Peter Baker writes in The Education of the President in the NYT Magazine:
Insulation is a curse of every president, but more than any president since Jimmy Carter, Obama comes across as an introvert, someone who finds extended contact with groups of people outside his immediate circle to be draining. He can rouse a stadium of 80,000 people, but that audience is an impersonal monolith; smaller group settings can be harder for him. Aides have learned that it can be good if he has a few moments after a big East Room event so he can gather his energy again.
I'm like that. I get worn down by human contact, too. But, then, I haven't wanted to be President of the United States since I was nine years old.
Unlike Clinton, who never met a rope line he did not want to work, Obama does not relish glad-handing. That’s what he has Vice President Joe Biden for.
I knew Biden had to be good for something.
When Obama addressed the Business Roundtable this year, he left after his speech without much meet-and-greet, leaving his aides frustrated that he had done himself more harm than good.
Obama is not a large man. Most people aren't. But, still ...
If you can divide people up into Morning People and Night People and High Energy and (relatively) Low Energy (all celebrities are above average in energy), then Obama is a Low Energy Night Person. That seems kind of odd in a President. Clinton was a High Energy Night Person, Bush II a Low Energy Morning Person. I would guess that most CEO's tend to High Energy Morning People.
The President's great-uncle was the deputy head librarian at the University of Chicago's giant library: a worthy career, and one that Obama seems roughly cut out for.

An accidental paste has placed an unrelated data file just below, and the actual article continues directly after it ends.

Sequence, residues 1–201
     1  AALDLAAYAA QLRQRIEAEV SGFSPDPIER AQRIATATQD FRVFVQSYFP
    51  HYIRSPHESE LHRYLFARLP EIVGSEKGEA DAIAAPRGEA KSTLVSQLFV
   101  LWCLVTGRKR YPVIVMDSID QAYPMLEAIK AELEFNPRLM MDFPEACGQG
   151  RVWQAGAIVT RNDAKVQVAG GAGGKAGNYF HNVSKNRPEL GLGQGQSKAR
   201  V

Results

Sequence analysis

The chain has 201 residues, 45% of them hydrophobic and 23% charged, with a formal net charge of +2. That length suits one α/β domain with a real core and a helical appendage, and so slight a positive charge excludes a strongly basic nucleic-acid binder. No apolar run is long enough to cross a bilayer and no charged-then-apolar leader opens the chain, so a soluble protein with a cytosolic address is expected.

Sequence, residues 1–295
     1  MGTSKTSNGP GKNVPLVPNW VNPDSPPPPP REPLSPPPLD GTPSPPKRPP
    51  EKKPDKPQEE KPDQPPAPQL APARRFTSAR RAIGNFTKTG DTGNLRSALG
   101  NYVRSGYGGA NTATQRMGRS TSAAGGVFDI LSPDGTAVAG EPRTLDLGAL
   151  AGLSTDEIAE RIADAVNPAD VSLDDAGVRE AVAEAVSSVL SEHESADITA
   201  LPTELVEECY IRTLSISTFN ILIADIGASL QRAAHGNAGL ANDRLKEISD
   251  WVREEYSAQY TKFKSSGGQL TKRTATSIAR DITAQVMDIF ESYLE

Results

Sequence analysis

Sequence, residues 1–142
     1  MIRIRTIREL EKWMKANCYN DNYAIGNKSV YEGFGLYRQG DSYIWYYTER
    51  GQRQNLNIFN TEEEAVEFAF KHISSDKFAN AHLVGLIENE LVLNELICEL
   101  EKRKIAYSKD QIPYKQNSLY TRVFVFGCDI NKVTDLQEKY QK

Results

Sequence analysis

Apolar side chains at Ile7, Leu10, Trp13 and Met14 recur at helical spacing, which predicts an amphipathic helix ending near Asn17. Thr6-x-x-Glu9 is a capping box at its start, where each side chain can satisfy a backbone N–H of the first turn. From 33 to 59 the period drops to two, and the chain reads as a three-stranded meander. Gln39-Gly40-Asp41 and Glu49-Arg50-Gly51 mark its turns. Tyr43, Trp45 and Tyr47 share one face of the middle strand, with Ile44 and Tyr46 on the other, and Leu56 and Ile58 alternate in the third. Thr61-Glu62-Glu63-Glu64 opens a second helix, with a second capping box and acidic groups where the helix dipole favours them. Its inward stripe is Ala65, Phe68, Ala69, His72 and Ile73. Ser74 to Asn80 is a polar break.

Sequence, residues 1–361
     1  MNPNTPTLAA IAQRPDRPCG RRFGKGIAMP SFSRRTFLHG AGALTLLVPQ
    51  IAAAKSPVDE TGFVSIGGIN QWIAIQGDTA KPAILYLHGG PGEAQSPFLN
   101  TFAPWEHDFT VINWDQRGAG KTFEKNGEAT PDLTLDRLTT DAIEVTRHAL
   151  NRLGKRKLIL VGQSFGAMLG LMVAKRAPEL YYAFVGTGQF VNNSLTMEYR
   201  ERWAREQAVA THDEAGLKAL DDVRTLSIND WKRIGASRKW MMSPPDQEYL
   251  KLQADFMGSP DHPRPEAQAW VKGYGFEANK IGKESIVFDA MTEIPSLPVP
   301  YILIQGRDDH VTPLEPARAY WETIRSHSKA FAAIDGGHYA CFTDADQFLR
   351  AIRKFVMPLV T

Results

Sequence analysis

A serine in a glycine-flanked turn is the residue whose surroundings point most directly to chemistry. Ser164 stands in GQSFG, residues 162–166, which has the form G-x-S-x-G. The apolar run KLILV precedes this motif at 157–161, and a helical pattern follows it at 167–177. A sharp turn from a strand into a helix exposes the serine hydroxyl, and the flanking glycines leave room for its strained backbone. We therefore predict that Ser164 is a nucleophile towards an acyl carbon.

On the other hand, Obama seems to like meeting people who tell him he's great:
But as Obama gets back on the campaign trail, aides have noticed his old spirit again. He particularly enjoys the so-called backyard sessions on the lawns of supporters. “That’s the happiest I’ve seen him in a long time,” an aide said.
He sounds a little depressed. If the economy turns around, though, he could come back strong in 2012.
Late in the article there's a doozy of a clause inside a sentence:
One prominent Democratic lawmaker told me Obama’s problem is that he is not insecure — he always believes he is the smartest person in any room and never feels the sense of panic that makes a good politician run scared all the time, frenetically wooing lawmakers, power brokers, adversaries and voters as if the next election were a week away.
Wait a minute? Did that just say "he always believes he is the smartest person in any room?"
Obama is a smart enough guy to be President -- he's good at explaining both sides of a problem -- but I can't recall any anecdotes about him ever thinking up the solution to any problem. Are there any?
If Reagan or FDR or Washington ever caught themselves thinking "I'm the smartest guy in this room" their immediate reaction would have been: "Uh-oh, I'd better get some smarter guys in here, pronto!"